Move them to your active donor file. If they’ve made a second gift, it’s time to transition these donors into your active file. Based on the commitment they’ve shown, they are interested in your mission, and you can continue cultivating this relationship.
Add them to a lapsed donor campaign. Are they failing to respond to your second-gift asks but still opening your emails? Are they engaging with your social media posts? Treat them as warm prospects. Be sure to stick to the channel in which they made their gift during the pandemic.
Set aside as a disaster donor. If they’ve shown no signs of interest after 13-15 months (including an anniversary reminder message), they should remain in the disaster donor segment. But this group still has great value! Continue to engage them with targeted intentional messaging and call on them whenever another emergency arrives.
Don’t write off COVID donors as one-time givers. It’s possible to convert new donors during this pandemic. By segmenting these donors and tapping into the emotion that led them to give to drive copy and creative, you can form a lasting relationship between COVID donors and your organization.
Putting the plan in action
In order to get an idea of what this might look like in action, we analyzed donors acquired by the Houston Food Bank during the aftermath of Hurricane Harvey in August 2017. While hurricanes are not quite the same as pandemics, Harvey makes for a model comparison due to the scale of the devastation and the widespread, long-lasting impact it had on the entire community.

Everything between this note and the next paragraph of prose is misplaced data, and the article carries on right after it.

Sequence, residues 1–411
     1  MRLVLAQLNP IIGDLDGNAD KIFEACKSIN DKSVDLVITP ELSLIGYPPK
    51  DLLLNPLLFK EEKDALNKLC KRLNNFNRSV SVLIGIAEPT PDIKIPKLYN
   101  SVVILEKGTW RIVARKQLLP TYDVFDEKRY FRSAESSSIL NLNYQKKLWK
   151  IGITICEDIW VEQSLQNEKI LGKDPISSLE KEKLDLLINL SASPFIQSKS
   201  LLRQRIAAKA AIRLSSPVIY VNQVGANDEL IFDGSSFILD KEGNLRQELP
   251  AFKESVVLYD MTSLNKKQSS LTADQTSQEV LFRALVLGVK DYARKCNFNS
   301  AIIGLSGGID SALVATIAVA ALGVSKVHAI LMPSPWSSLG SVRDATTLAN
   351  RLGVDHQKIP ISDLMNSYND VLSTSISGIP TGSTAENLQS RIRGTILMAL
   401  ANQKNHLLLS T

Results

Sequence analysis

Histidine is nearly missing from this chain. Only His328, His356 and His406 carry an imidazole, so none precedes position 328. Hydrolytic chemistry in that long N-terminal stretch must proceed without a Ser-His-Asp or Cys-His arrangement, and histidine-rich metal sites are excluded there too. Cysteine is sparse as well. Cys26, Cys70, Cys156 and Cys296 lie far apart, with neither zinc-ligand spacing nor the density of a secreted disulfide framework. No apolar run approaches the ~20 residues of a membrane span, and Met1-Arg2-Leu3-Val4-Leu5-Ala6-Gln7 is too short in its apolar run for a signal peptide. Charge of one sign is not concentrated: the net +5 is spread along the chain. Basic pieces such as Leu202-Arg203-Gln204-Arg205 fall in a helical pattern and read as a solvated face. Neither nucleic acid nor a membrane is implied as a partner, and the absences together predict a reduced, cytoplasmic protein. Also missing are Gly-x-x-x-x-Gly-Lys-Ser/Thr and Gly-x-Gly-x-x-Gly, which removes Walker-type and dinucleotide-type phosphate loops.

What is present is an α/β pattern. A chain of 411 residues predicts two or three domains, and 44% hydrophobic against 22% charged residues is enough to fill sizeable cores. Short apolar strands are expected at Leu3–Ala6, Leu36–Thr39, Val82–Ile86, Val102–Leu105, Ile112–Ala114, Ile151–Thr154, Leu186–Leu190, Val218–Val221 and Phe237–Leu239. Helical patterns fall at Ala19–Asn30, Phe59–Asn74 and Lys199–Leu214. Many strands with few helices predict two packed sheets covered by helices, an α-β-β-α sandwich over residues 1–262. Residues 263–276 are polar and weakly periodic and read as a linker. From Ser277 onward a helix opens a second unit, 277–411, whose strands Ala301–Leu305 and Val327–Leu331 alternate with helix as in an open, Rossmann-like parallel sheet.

In response to this disaster, Houston Food Bank saw a dramatic influx of new donors, much like many nonprofits nationwide are seeing during the COVID-19 pandemic.
RKD worked with Houston Food Bank to develop a 16-month strategic, multichannel communication plan to acknowledge, steward and solicit these donors through December 2018. As mentioned above, timing is key in communications.
This was true for Houston Food Bank, and we can see it in when disasters donors converted to mission-based donors. Breaking down the converted donors, 30% made another gift (non-disaster-related) within the first three months of their first gift. Another 28% made a second gift 10-15 months after the first gift (in the time range of anniversary reminders).
Of the 6,701 new donors acquired for Hurricane Harvey in the Houston Food Bank market area, 1,116 (17%) of them converted with an additional gift to the food bank outside of their hurricane donations. The conversion rate for disaster donors often sits between 10% and 20%. Creating a targeted communication program pushes that rate closer to 20%, so it’s clear that the investment pays off.
Here’s a snapshot of the results:
- $53,500 spent on acquisition during the disaster
- $13,500 spent on cultivating new disaster donors
- 17% of donors converted to mission
- $529,390 in revenue after 2.5 years (excluding first gift)
- 9 times ROI for disaster donors
While many COVID donors will lapse once the emergency passes, it is possible to convert some of them. Focus on acknowledgement and stewardship first before soliciting for another gift and the investment will pay off.